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I want to be able to tell if an email sent to a user is successful or not.

I've tried looking at the SMTP logs and there appears to be no way to link server requests with server responses. So if I get an error 550 and the attempted address is not included in the response, I have no way of knowing what address or what request it failed for.

Looking for a solution either in the logs or the code that sends.

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@Mods, there's no reason to close this, its a legitimate question. IIS acts as an intermediate that accepts pretty much anything. The question is how to get more information from IIS or bypass it completely. –  Chris Haas Jan 26 '11 at 17:16
    
Should your question be How do i tell if an email was successfully sent? There is no way to tell if one was successfully received by the end user, if there was it would be a gold mine for spammers. –  slugster Jan 27 '11 at 0:30
    
I want to know which email address a SMTP server returns an error for so I can take further action like stop sending those emails. –  Micah Burnett Jan 27 '11 at 22:44
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migrated from stackoverflow.com Jan 27 '11 at 19:02

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2 Answers

up vote 5 down vote accepted

Some background:
A properly configured server should tell you imediately if the mail will not be delivered.

iirc: Originally SMTP servers did this, but then it was considered a security hole to reveal if an user exists on the system or not so they started accepting all and then bouncing. But bouncing is used by spammers to deliver spam by "bouncing it back to the spam target". So now we are back at declining the email immediately based on relay rules.

This means that in most cases you can determine if the email was delivered or not. But only if you communicate directly with the receivers email server. This means that your application needs to do a lot of work: MX-lookup, TCP connect to a potential slow server which could use tarpit so its damn slow, handle timeout, etc. The problem is that you will not handle servers that are temporarily down very well.

If you send the email by delivering it to a relay server (like your local IIS SMTP server or your ISP) then the only way to detect bounces is by setting bounce header in the mail and checking the bounce account for bounced mails. This is not an uncommon aproach. It can however take up to (and over) 5 days for all bounces to come back depending on retry settings on the SMTP-servers down the chain.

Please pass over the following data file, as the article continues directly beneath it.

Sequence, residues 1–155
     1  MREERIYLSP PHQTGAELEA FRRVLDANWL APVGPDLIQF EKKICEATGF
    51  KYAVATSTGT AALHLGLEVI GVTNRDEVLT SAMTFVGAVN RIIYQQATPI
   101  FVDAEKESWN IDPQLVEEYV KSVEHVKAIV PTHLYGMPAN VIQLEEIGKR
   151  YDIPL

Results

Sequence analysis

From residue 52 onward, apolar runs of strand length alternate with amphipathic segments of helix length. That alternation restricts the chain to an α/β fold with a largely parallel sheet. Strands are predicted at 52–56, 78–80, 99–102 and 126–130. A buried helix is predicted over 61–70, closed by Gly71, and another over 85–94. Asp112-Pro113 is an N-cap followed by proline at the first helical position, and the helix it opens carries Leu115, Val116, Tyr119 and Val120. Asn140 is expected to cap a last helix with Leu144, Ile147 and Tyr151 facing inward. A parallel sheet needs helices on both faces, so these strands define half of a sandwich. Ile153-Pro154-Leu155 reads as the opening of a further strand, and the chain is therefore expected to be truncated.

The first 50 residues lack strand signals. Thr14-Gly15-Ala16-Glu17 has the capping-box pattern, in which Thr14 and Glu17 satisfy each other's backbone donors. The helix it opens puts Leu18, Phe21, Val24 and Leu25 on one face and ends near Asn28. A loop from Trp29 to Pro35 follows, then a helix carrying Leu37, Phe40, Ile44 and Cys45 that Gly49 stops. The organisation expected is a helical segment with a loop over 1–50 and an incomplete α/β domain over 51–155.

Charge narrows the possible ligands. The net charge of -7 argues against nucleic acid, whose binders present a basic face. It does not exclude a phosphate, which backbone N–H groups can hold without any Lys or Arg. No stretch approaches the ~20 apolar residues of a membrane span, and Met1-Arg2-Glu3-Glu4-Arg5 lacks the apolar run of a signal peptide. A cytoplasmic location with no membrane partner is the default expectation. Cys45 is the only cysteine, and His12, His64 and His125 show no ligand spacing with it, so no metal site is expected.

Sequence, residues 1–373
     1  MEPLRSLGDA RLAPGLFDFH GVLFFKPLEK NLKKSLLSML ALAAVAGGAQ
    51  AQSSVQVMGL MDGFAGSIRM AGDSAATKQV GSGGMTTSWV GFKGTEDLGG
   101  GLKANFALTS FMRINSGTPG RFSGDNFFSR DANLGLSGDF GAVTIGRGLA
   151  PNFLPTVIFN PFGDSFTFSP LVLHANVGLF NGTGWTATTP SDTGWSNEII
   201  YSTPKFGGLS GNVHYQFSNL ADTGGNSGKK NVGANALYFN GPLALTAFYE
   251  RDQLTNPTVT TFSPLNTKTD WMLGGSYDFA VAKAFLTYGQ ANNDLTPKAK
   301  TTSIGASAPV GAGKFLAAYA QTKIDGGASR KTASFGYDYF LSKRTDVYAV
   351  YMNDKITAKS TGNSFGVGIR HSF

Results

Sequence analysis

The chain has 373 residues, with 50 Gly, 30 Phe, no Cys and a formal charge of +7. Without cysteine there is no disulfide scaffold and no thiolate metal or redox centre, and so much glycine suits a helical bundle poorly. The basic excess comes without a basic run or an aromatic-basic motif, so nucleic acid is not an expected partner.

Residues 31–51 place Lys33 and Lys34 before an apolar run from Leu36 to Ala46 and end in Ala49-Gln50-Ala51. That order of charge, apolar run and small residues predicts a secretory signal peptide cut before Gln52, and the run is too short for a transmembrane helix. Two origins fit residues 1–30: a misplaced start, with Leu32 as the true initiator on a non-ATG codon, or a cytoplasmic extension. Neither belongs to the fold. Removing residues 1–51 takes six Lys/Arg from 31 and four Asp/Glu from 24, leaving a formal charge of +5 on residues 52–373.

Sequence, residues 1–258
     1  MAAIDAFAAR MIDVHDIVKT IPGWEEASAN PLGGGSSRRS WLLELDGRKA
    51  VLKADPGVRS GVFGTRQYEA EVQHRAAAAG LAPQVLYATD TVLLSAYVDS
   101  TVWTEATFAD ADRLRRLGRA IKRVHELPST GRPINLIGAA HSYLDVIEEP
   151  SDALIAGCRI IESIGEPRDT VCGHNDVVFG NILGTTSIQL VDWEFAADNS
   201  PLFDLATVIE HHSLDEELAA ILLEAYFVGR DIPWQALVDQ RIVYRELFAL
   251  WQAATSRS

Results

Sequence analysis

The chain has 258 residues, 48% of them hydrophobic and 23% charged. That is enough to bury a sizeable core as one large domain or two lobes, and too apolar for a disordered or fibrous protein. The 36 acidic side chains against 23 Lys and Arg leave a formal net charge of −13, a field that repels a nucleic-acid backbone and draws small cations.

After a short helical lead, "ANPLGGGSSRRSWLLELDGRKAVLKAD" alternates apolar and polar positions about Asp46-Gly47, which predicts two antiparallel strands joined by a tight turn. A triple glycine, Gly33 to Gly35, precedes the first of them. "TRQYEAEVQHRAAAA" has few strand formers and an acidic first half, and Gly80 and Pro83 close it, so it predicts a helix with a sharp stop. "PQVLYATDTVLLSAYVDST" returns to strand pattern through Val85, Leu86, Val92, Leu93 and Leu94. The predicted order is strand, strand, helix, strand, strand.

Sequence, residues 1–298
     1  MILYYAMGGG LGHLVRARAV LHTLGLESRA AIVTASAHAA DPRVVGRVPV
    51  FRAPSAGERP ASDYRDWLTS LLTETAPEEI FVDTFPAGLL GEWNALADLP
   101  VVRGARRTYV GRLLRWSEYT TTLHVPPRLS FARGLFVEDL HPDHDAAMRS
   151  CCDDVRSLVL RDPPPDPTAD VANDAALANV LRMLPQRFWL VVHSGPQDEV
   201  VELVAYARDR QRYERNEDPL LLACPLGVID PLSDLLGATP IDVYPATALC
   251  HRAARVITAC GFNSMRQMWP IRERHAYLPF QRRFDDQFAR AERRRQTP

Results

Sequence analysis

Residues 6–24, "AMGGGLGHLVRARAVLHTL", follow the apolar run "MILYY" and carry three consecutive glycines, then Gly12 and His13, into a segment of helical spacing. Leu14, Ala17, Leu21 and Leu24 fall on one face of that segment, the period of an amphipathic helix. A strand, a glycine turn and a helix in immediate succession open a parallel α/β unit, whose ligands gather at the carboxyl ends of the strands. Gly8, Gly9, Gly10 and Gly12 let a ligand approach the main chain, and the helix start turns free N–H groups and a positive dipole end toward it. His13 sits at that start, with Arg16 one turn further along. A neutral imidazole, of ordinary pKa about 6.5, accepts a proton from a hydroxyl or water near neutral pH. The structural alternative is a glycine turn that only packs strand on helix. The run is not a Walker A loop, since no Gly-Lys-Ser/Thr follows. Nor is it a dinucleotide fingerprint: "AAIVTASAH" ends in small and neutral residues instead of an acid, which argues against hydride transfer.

This problem is often solved by simply adding url to an image inside the message. When the user clicks "download content" the image is downloaded and you can confirm receive. The image could be http://server.com/image.jpg?user=some@user.com or it could be an aspx-page you make that uses Response.SendFile to send an image (you may want to set Content-Type in Response.Header too).

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Good info. The image technique isn't as useful to me, because I don't think I care if they read it, but just that it was delivered. So if I wanted to create a deliverability report, I guess I would have to do that based on the NDR emails I get back. Yuck. –  Micah Burnett Jan 26 '11 at 17:56
    
Ahh, I didn't think about the BadMail directory. I'm going to parse through the *.BAD files to create a report on each email. This is perfect. Thanks for putting me on the right path. –  Micah Burnett Jan 28 '11 at 10:39
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The only way that I know of is to bypass IIS's SMTP server and send it directly. You can google around and find some components that will do it for you, otherewise here's a link for a raw TCP version:

This of course doesn't mean that the message was received/delivered or that it didn't bounce. It just means the SMTP listed in the MX records accepted the message. It might have trashed it, it might bounce it later, it might pass it on to the user.

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Thanks for the info. I don't have the time to write my own SMTP server with retries and everything else. It seems a shame to have to use a different SMTP server just to track a session id. Changing SMTP servers may be further than I want to go, I don't know of other servers that would be reliable. –  Micah Burnett Jan 26 '11 at 18:25
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